In an interview with CNA, Polish Member of Parliament Ryszard Legutko, from the ruling Law and Justice (PiS) party, claimed that while for countries like France or Germany, the rule of law report relied on official documents from state institutions, it was based on “opinions from political opponents and hostile NGOs” when it came to Poland.
He called into question the very legitimacy of this annual report, stating that the European Commission “is not a super-government or some super-court to judge the member states’ legal systems, especially since those are within the sole competencies of the member states.”
“With the Commission blocking Poland’s post-Covid recovery plan, it has become clear that Ursula von der Leyen [the commission’s president] and her colleagues want to topple the Polish government,” he commented, denouncing a “more and more politically aggressive” institution.
“The worst violator of the rule of law in Europe is the EU itself, as it persistently sidesteps all limitations that the treaties imposed on it, particularly article 5 of the Treaty on European Union (TEU), which stipulates the principles of conferral, subsidiarity, and proportionality,” he said.
The same criticism was leveled last year by Polish religious leaders and Catholic lawyers against the European Parliament following its adoption of a resolution to condemn the ban on eugenic abortion in Poland. In this resolution, the Parliament asked the European Commission to trigger the rule of law mechanism and suspend funds to Poland until the country modifies its constitution to liberalize abortion.
According to MEP Legutko, the conservative essence of the Polish and Hungarian governments and their refusal to join “the EU mainstream” motivates many of the accusations against them. “When Slovenia had a conservative government, it was also attacked,” he pointed out.
The parliamentarian added that the leaders of these institutions mainly targeted the Christian foundations of these conservative governments.
“Despite the weakening of Christianity in Europe, hostility towards the Christian religion is growing among the European institutions; there is nothing paradoxical about it,” he said. “Christianity is still perceived as a force that resists the moral revolution conducted by the Left, like abortion, same-sex marriage, gender ideology, green revolution, etc.”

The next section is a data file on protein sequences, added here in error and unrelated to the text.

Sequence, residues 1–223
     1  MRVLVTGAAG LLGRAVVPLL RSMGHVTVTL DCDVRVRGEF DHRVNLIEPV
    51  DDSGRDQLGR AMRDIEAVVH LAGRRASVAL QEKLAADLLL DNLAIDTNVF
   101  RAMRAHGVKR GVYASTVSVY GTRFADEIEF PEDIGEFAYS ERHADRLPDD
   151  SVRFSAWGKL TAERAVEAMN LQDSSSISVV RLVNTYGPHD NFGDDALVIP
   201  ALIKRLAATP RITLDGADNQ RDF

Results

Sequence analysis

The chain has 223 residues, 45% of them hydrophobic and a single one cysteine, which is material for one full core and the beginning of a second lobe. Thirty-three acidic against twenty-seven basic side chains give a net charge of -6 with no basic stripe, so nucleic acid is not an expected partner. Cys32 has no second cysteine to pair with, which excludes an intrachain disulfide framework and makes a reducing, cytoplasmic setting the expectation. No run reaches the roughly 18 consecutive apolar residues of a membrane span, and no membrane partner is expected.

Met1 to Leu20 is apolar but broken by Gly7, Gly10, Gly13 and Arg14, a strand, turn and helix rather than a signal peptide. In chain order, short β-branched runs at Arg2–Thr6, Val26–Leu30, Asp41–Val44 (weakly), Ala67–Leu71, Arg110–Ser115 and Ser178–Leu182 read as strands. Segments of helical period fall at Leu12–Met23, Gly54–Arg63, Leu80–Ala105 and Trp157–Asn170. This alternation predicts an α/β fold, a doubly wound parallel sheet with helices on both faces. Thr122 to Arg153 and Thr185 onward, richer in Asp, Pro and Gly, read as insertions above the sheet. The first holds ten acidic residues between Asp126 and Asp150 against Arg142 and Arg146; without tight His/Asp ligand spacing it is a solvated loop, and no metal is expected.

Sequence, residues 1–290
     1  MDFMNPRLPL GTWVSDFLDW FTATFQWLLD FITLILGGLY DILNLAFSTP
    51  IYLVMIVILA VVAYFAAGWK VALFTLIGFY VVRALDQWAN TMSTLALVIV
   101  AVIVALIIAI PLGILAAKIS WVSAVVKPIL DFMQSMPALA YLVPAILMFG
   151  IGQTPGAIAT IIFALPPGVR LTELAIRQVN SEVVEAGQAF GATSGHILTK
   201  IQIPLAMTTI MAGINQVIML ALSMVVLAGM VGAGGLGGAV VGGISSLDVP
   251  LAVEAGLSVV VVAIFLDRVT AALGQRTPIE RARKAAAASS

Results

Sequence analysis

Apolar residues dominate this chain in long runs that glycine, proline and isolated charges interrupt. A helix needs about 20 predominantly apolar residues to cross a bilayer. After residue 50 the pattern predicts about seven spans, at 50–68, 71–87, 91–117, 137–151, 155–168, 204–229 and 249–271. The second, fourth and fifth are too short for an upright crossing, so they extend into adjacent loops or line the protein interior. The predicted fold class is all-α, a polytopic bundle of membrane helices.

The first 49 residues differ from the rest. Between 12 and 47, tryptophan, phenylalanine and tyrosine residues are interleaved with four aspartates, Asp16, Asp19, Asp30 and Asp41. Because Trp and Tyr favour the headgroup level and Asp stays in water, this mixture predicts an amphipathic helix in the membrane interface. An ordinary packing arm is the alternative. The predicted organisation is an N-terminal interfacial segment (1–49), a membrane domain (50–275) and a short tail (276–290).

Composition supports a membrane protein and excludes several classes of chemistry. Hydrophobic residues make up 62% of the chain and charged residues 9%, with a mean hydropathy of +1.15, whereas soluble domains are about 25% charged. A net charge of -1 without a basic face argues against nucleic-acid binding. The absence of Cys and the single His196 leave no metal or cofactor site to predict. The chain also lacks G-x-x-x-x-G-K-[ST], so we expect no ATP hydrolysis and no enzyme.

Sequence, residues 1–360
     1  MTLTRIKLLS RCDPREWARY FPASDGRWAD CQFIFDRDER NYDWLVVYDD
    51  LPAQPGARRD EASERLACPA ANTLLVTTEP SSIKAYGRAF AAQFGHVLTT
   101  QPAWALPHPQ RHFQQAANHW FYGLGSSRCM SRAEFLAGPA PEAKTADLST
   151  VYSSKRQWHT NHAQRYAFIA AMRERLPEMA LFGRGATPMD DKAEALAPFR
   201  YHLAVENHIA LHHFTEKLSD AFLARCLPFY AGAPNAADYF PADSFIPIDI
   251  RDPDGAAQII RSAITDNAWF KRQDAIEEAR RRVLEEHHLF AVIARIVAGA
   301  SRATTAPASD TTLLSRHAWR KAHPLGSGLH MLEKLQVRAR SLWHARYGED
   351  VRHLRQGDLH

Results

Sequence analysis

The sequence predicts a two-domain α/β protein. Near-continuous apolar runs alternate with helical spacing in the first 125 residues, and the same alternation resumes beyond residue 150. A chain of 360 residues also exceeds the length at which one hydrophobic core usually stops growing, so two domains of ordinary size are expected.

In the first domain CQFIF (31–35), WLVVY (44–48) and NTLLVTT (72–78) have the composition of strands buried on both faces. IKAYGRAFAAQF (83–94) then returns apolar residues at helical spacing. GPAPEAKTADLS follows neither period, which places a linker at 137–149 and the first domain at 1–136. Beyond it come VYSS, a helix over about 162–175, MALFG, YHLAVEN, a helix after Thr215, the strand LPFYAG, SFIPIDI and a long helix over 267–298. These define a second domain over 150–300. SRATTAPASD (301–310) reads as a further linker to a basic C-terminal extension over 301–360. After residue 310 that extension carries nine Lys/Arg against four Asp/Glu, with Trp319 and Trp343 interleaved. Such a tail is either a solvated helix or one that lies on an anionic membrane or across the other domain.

“The European People’s Party [a transnational organization gathering Christian-democratic, conservative, and liberal-conservative member parties, and that represents today the largest political party in the European Parliament and Commission] has long capitulated and accepted the left-wing agenda and ideologies,” Legutko continued.
“Christian democracy, in fact, has disappeared from European politics. It is therefore quite understandable that countries like Poland, which still has a strong Catholic culture and community, and resists the current moral revolution, are met with aggressive reactions from the EU,” he concluded. “And this aggression will increase until or unless Poland capitulates. I hope it won’t.”
Solène Tadié is the Europe Correspondent for the National Catholic Register. She is French-Swiss and grew up in Paris. After graduating from Roma III University with a degree in journalism, she began reporting on Rome and the Vatican for Aleteia. She joined L’Osservatore Romano in 2015, where she successively worked for the French section and the Cultural pages of the Italian daily newspaper. She has also collaborated with several French-speaking Catholic media organizations. Solène has a bachelor’s degree in philosophy from the Pontifical University of Saint Thomas Aquinas.